At the sprawling Department of Health, Education, an Welfare, a super-governmental structure that reaches into every corner of every American's life, instability has been the history of the institution. By Carter's inauguration, HEW had been in existence for 23 years. In that time it had been led by 11 Cabinet secretaries. Their average length of service was a scant 2.1 years.

Any experienced Washington hand knew it took almost that long simply to learn the names of all the offices and bureaus in the department. And every change of a secretary brought a change in the entire upper management - the under secretary and assistant secretaries and all the other presidentially appointed executives who oversaw the department's manifold functions.

Nor was HEW some aberration in the government hierarchy. The same managerial impermanence - always leading to internal instability, if not turmoil - existed elsewhere. From John Kennedy until Jimmy Carter, for instance, there had been six secretaries of labor and seven secretaries of commerce. Again, the turnover at the top came about every two years.

Top management teams were leaving after barely becoming acquainted with their organizations and responsibilities. Understanding the programs they were charged with administering, to say nothing of establishing their own policies and procedures, was difficult at best. Necessity forced them to depend on the management directives of their predecessors. They were all walking on the barnacles of the government past.

Carter's promise of making the government work better, of restoring a sense of excellence, of measuring performance by the highest standard - why not the best? - was predicated on getting the best people and leaving them in place. Thus, it was hoped, they could truly and efficiently manage their agencies.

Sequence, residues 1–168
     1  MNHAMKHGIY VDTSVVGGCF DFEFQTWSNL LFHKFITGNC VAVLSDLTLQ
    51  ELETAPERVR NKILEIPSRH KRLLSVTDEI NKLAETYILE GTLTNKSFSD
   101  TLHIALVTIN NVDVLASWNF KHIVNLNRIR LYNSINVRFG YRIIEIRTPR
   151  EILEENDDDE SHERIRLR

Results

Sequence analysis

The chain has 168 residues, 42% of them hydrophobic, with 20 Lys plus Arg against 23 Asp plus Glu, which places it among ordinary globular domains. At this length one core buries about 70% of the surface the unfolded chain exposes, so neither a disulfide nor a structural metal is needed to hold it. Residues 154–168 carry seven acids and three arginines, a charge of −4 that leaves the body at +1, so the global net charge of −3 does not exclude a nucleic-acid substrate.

Full four-year terms were what the president asked of his Cabinet officials, ensuring stability at the top for the first time in decades. Until last week, that's what he got.

Now, in getting each of his highest officials to offer to resign at once, the shock waves of instability began anew. And now, as one senior government official observed, everyone of the new officials undoubtedly will feel compelled to bring in his own top aides to replace the old upper-echelon ones. "That means," he said, "that for a time everything in the departments will stop." To one of those top HEW officials, last week's events brought "an overwhelming sense of sadness because of the waste - the waste of so many people who have worked so extraordinarily hard for 30 months."

Nothing on the record indicates that the officials were fired because they failed to manage their departments, or failed to seek the best. Joe Califano had done a superb job, perhaps the best in the department's history, he says the president told him as he fired him. The White House strongly denies Califano's version. But there's no doubt that one of Califano's perceived crimes was political disloyalty.

Now the president has to worry lest political loyalty, not competence, not the best, seems to be the standard that counts.